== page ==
Half a million more cases of TB in world than previously estimated

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A health worker dispensing tuberculosis medication. Credit: WHO/Marcus Garcia

New estimates of the tuberculosis (TB) burden reveal that there are half a million more cases of the disease than previously estimated.

That's according to the World Health Organization's 2014 Global Tuberculosis Report launched on Wednesday.

However, the mortality rate for TB is still falling and the number of people developing the disease is declining by an average of 1.5 per cent a year.

Dr Mario Raviglione is Director of the Global TB Programme for WHO.

"We now know that almost half a million more cases of disease are there than previously estimated. In essence, while last year we were reporting a level that was about 8.6 million now we go to 9 million of people who developed tuberculosis in 2013 and 1.5 million who died of tuberculosis including 360,000 of 1.5 million that are among people living with HIV."  (31″)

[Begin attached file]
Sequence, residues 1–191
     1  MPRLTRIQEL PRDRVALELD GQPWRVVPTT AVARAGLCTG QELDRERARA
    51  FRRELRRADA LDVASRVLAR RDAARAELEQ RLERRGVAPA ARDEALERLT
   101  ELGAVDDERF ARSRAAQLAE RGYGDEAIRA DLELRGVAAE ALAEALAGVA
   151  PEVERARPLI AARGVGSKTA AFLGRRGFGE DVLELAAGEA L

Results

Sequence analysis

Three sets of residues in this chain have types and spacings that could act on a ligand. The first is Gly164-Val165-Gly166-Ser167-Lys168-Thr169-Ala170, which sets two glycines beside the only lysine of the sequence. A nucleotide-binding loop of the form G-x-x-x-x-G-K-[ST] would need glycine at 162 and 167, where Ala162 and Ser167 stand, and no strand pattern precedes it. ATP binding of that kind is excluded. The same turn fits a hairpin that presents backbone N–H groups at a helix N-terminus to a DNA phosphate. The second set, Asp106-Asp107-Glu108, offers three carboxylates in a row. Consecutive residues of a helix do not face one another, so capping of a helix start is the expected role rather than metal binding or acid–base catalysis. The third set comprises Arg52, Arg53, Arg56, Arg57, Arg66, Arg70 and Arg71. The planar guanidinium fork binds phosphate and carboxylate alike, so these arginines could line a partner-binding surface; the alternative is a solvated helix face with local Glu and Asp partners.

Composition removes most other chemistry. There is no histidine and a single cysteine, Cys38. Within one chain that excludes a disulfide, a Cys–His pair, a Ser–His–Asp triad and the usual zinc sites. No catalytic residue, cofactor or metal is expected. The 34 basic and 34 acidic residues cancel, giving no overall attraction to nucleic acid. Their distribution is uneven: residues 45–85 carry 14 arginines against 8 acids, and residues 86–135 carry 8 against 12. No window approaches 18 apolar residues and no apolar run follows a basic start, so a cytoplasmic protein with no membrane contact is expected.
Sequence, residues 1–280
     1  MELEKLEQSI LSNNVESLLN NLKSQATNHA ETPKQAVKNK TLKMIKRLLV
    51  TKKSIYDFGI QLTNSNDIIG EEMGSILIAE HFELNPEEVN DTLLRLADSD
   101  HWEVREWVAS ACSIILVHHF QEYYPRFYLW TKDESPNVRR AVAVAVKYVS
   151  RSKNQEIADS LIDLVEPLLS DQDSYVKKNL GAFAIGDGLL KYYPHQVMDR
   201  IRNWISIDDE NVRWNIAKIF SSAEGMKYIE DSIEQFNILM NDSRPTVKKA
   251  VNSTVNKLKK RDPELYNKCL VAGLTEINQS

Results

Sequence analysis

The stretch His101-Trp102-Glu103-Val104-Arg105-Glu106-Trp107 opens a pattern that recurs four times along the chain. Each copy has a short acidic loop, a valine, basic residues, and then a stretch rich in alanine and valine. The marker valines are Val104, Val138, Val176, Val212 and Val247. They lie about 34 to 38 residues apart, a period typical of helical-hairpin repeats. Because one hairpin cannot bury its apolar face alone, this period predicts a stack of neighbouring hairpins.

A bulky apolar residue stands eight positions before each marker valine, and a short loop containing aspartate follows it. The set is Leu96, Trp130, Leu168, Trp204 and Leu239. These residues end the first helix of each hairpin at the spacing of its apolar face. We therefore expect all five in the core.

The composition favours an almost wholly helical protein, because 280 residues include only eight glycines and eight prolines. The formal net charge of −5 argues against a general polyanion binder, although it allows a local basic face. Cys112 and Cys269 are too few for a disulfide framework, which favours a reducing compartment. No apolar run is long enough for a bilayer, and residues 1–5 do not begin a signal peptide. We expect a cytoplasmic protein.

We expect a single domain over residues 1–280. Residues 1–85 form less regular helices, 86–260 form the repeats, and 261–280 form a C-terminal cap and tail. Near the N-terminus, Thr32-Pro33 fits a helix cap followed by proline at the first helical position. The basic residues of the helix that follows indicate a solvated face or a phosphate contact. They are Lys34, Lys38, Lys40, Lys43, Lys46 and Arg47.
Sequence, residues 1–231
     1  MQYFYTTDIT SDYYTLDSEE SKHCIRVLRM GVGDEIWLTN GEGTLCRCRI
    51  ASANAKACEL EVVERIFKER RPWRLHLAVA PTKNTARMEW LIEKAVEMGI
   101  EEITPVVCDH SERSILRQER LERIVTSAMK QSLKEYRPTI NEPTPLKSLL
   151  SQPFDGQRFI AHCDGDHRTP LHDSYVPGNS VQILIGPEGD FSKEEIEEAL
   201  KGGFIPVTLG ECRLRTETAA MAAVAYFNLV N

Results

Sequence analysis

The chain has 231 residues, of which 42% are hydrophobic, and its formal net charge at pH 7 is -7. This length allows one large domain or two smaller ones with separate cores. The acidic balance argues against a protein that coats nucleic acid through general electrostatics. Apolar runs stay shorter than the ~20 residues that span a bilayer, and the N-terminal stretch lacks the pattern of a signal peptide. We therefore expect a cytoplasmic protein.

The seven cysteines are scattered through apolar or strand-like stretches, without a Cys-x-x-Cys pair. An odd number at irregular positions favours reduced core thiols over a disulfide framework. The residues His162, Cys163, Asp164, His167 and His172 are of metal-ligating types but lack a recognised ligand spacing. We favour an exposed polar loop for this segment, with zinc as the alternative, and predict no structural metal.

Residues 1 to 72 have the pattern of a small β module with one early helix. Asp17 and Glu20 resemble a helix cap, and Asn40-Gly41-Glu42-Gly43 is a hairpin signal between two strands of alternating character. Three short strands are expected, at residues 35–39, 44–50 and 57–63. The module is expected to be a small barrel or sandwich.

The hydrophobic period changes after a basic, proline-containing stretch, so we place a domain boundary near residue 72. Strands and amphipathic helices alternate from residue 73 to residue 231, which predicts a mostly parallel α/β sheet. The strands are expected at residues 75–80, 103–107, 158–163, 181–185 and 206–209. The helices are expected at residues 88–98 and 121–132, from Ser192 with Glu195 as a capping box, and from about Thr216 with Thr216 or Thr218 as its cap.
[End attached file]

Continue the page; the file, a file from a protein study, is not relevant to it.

An investment in national surveys and routine surveillance by WHO and its partners has allowed for better data.

Tuberculosis (TB) is second only to HIV/AIDS as the greatest killer worldwide due to a single infectious agent.

Stephanie Coutrix, United Nations.

Duration:   1’22″

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